Power line damage, electrical outages, reduced in the {open_quotes}sleet belt{close_quotes}

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Companies that depend on reliable supplies of electricity, as well as electrical utilities, need to defend against weather-related damage and power outages. Weather-related damage claims in the U.S. totaled $16 billion during the ten-year span from 1980 through 1989 and have already reached $48 billion in the first five years of this decade, evidence that climate change could be causing more severe storms. This makes technology that minimizes weather damage all the more welcome. Ice and snow build-up on high-voltage electric power lines in a moderate to high winds causes high-amplitude low-frequency mechanical vibrations, called galloping. When power lines react ... continued below

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2 p.

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Creator: Unknown. April 1, 1998.

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Description

Companies that depend on reliable supplies of electricity, as well as electrical utilities, need to defend against weather-related damage and power outages. Weather-related damage claims in the U.S. totaled $16 billion during the ten-year span from 1980 through 1989 and have already reached $48 billion in the first five years of this decade, evidence that climate change could be causing more severe storms. This makes technology that minimizes weather damage all the more welcome. Ice and snow build-up on high-voltage electric power lines in a moderate to high winds causes high-amplitude low-frequency mechanical vibrations, called galloping. When power lines react aero-elastically to these conditions, undamped vibration tears apart transmission towers and fittings or propels lines into each other, shorting out large circuits. Besides causing costly electric system outages and structural damage, this dramatic phenomenon steals power through higher electricity line losses that occur when other conductors have to carry more power to compensate for a tripped or damaged line. In a 1981 survey, 17 of 38 utilities reported that galloping was a moderate to severe problem, and 11 reported that they had a galloping event at least once a year. Fifty-seven percent of the incidents included flashover, and 60% included structural damage.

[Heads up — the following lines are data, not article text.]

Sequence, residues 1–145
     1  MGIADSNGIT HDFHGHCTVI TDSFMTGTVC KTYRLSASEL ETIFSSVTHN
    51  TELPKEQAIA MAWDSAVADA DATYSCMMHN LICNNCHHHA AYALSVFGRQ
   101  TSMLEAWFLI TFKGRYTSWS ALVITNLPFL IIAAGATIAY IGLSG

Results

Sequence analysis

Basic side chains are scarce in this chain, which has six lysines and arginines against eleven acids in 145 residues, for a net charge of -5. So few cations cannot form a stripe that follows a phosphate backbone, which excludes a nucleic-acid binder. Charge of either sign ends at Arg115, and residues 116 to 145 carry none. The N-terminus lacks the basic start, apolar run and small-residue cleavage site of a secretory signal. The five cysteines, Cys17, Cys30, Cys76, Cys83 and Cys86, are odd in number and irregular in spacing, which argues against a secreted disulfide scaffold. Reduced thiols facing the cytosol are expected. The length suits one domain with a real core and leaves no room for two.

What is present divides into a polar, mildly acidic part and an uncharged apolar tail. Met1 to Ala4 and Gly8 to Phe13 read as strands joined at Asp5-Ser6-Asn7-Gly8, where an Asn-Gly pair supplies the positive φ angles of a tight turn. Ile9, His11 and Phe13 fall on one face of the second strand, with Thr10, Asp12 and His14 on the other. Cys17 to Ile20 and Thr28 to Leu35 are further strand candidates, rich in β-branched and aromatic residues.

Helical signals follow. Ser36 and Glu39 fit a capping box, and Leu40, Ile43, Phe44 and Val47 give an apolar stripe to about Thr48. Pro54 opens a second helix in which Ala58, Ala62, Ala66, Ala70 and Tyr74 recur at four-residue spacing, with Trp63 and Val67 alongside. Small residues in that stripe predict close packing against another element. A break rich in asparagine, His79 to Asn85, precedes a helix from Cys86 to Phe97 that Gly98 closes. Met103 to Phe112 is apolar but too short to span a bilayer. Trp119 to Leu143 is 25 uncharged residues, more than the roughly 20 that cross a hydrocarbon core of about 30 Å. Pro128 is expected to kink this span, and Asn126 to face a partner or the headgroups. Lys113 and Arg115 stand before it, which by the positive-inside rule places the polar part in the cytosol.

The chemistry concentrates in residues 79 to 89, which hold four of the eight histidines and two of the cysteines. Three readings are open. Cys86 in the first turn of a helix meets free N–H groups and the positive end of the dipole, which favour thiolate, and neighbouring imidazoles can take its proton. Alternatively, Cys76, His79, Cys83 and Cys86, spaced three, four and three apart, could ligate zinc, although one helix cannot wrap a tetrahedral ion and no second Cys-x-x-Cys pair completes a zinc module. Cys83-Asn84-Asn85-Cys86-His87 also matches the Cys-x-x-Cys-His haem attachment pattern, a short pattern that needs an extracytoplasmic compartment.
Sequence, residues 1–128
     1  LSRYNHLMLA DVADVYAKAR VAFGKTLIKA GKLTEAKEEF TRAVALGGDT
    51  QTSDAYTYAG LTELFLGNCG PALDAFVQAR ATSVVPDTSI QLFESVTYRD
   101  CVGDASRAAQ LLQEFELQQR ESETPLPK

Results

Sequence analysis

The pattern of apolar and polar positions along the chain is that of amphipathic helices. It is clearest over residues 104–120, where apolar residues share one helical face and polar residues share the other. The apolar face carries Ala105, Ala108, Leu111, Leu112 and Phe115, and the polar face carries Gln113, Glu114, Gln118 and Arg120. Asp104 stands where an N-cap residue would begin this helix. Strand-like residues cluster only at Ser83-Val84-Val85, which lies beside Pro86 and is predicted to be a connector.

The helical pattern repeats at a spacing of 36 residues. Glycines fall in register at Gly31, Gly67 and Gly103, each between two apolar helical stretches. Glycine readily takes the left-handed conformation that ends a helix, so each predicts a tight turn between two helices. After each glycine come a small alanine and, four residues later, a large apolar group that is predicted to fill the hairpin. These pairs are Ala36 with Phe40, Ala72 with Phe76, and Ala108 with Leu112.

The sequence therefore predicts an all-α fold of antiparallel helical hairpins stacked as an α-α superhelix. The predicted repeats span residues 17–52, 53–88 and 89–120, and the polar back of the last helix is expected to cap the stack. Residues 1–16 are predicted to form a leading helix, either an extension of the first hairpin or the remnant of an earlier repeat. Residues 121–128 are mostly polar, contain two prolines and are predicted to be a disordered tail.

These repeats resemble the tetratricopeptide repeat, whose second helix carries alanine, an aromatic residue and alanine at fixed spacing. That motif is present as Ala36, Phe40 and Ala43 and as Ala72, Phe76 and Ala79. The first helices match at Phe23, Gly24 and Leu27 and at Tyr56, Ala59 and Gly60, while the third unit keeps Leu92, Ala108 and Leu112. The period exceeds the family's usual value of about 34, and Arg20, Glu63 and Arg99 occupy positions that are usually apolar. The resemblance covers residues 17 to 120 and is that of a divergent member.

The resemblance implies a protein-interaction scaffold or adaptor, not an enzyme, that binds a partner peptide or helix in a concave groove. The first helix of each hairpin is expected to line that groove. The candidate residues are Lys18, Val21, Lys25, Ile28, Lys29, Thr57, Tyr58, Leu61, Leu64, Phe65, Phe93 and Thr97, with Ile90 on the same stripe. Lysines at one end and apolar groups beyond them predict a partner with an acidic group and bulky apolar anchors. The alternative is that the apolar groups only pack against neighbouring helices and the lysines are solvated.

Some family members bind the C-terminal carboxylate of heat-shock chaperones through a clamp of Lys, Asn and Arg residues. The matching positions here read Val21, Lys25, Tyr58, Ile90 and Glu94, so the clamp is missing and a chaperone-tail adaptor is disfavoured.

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2 p.

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OSTI as DE98004972

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  • Other Information: PBD: Apr 1998

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  • Other: DE98004972
  • Report No.: DOE/GO--10098-559
  • Grant Number: AC36-83CH10093
  • DOI: 10.2172/594450 | External Link
  • Office of Scientific & Technical Information Report Number: 594450
  • Archival Resource Key: ark:/67531/metadc690331

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Office of Scientific & Technical Information Technical Reports

Reports, articles and other documents harvested from the Office of Scientific and Technical Information.

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  • April 1, 1998

Added to The UNT Digital Library

  • Aug. 14, 2015, 8:43 a.m.

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  • March 31, 2016, 3:27 p.m.

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Power line damage, electrical outages, reduced in the {open_quotes}sleet belt{close_quotes}, report, April 1, 1998; Golden, Colorado. (digital.library.unt.edu/ark:/67531/metadc690331/: accessed October 21, 2018), University of North Texas Libraries, Digital Library, digital.library.unt.edu; crediting UNT Libraries Government Documents Department.